Since you have opened the Pandora’s Box of upcoming rules changes, I would like to submit this to the rules committee:
As I read the current rules, section B.1 states that “all components of the boat shall be installed and be capable of the full motion used while racing, without being restricted by any part of the measurement box”. This broad statement clearly includes rudders under “all components”, since they are not specifically exempted. While rudders that extend through the slot are specifically exempted (by section B.5) from having to be able to move freely when the boat is in the box, rudders on diagonally placed boats are not mentioned (most likely this was added due to the design of the extended rudder check gauge shown on the box). This means that the rudders of the diagonally placed boats must be capable of full motion, yet this is seldom noted when the boat is measured, and boats that clearly have their rudders wedged into the corner when placed diagonally in the box have been allowed to race.
Having a rule that applies to some rudders and not others, simply because of the way a boat sits in the measurement box is confusing and arbitrary.
I formally request that rules should be amended either by exempting ALL rudders from the full motion clause, or by changing the design specification of the box’s rudder slot and measurement gauge so that it can allow full motion (which can easily be done using four standoff screws & spacers to support a piece of clear acrylic mounted parallel to the back wall of the box at the specified 51mm dimension).
Ft. Lauderdale, FL
The problem isn’t the extended rudder check gauge, it’s the box wall itself. If boxes could be make of zero thickness, we wouldn’t have that exemption. We’ve thought about redesigning the box but want to keep it easy to build and use. Cutting the slot at an angle may work but is beyond my abilities to keep the slot cut straight and even.
I recommend protesting diagonal boats that have their rudders jammed in the corner. It’s unfair to all the other skippers to allow these boats to break the rules.
If you still want to pursue this idea, send me an email.
Bill, the headaches that come with having the rudder rotate on a diagonal boat is only compounded when that hull is also angled in the box. I’ve had all sorts of fits and starts getting my unconventional boats to be legal. I can see how this important detail can be overlooked in the excitement of constructing something new. But it is an important aspect to get right the first time.
That said diagonal boats have certain advantages in my view, but the advantage of a longer waterline length comes with a more inboard placement of the rudder which in turn effects both turning and concentrates the appendages closer together which can adversely effect tracking (sailing in a straight line hands off the sticks).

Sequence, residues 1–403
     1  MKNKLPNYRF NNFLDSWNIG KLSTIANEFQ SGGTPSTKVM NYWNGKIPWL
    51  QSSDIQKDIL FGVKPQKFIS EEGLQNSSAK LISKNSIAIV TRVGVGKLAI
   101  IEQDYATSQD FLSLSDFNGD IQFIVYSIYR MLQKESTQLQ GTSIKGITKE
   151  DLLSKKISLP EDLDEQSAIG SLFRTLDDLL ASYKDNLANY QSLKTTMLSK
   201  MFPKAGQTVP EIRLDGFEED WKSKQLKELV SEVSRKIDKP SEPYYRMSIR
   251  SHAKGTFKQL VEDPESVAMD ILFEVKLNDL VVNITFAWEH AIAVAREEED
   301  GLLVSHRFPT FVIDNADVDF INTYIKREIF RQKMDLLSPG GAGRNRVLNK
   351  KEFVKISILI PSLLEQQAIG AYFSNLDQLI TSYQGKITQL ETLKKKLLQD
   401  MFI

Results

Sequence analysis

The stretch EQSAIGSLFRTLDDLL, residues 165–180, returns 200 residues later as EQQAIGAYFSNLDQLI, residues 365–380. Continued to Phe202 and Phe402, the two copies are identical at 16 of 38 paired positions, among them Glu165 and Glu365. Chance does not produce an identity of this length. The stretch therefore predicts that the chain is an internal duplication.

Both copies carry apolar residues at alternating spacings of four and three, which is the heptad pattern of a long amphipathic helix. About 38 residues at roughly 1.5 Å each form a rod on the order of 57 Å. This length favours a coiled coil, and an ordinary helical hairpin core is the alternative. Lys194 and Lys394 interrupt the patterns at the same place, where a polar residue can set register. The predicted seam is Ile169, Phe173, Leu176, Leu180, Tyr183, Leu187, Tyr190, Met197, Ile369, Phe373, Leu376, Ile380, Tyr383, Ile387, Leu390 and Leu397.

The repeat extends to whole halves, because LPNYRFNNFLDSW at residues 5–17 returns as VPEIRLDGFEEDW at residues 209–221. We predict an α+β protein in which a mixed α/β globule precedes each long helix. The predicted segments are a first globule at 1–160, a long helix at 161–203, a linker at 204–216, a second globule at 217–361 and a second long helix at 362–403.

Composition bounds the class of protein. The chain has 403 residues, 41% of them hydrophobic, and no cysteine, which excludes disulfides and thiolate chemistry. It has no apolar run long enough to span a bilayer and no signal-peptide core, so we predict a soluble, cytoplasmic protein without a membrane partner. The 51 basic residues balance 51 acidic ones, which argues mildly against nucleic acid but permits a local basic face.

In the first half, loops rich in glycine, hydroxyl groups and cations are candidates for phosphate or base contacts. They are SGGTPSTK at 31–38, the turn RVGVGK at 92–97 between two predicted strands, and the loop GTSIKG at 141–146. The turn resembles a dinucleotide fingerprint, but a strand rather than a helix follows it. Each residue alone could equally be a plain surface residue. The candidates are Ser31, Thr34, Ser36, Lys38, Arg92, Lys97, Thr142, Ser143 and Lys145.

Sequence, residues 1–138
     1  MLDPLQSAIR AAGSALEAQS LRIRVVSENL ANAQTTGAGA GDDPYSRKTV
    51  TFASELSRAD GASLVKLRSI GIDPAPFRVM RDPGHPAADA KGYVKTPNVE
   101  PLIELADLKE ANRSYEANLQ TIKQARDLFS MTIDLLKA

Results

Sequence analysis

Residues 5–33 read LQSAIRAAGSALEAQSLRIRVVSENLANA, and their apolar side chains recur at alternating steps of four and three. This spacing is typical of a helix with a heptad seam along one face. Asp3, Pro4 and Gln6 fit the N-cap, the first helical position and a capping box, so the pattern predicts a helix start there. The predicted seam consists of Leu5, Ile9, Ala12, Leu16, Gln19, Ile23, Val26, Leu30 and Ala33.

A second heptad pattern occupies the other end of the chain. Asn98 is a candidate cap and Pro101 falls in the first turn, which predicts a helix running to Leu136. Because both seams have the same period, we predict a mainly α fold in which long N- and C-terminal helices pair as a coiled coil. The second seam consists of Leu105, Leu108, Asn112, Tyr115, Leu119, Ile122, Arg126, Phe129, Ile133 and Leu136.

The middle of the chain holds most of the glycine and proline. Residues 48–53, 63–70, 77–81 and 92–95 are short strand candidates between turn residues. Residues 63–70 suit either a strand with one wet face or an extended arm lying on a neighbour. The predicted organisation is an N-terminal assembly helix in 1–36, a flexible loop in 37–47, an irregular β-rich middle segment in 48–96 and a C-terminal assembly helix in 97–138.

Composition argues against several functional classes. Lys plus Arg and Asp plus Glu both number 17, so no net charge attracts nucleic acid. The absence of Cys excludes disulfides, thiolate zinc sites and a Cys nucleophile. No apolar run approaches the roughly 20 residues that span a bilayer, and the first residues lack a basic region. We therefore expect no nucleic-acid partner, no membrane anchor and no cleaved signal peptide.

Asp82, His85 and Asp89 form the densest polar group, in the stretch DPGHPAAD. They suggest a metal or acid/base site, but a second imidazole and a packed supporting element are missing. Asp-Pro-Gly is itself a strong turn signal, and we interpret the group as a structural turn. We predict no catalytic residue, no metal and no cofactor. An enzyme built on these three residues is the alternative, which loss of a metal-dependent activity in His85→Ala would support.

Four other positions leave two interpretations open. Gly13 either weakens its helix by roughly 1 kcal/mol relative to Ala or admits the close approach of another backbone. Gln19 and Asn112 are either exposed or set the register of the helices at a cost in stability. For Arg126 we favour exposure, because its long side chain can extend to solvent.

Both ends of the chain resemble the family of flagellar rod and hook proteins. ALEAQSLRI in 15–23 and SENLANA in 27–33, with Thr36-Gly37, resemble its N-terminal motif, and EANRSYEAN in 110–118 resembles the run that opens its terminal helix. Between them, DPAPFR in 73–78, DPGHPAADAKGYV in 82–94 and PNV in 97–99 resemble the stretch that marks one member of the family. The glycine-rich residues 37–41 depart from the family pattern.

I have never been totally clear about the “top of the box”.
Many boats, mine included, have a circa 1 inch length of polywhatever tubing extending above the actual deck to prevent the flow of water down the “plug’ole” where the main-sheet comes out. Often there is also some sort of tubing where the aerial comes out. There are also some boats with McRigs where some sort of ‘turn-around-pulley’ is mounted on the foredeck, where the mainsheet controls the forward extension of the McRig “mast cum Z-wire”. I also have a ‘switch on-off’ which consists of two Futaba plug-in terminal connectors to act as both switch and charging jack.
All these things are “fixed” to the deck in some way. Must they ALL be below the “top of the box” when it is measured? I have only been ‘measured’ once and those little excrescences seemed to be ignored.
Not wishing to be thought a ‘sea lawyer’, but the topic seems to be raising its ‘ugly’ head.
While I agree completely with your feelings on the diagonal boats, this has been discussed before, and the concensus of the group the group was that they should remain legal. I think all of this sort of caught the rules committee by surprise when they came up with the definition for “in racing trim”, and it was pointed out that a perfectly legal center measured boat with extended rudder couldn’t move that rudder because of the design of the box, so they wrote in the exclusion (section B.5) to correct this problem. I do not think there is really anything to be gained by trying to restrict only the diagonal boats to having full rudder motion when in the box, and I believe it is far better to be consistent (and clearly worded) and exempt rudders on ALL boats from needing to display full motion when in the box.
Sir, with the greatest respect, I would contend that any “Practice” that allows a FOOTY to be longer that 12 inches, must, by definition, be “Sharp.”
I am not one to get my knickers in a knot about any of this and so I could be accused of simply being a stirrer who enjoys speaking up, perhaps on behalf of a number of more polite, potential, FOOTY owners, who ask me, “How can that be?” :witch:
It`s all good fun so please no one take offence…:lol:
And what of the “in racing trim” definition, and it’s after-the-fact effect on the legal boats with their external rudders resting immobile against the box’s rudder gauge, was this also “part of the plan”? :devil3:
It’s a ‘notional’ box. However, only if the axis of the rudder tube was vertical to the box, and positioned with its centre exactly in the center of the slot, would anybody’s rudder be able to turn “in racing trim”.
Writing good ‘laws’ is probably the most difficult job for any ‘legislator’. We should all, therefore, sympathize with all of our downtrodden and underpaid politicians. Yeah, sure!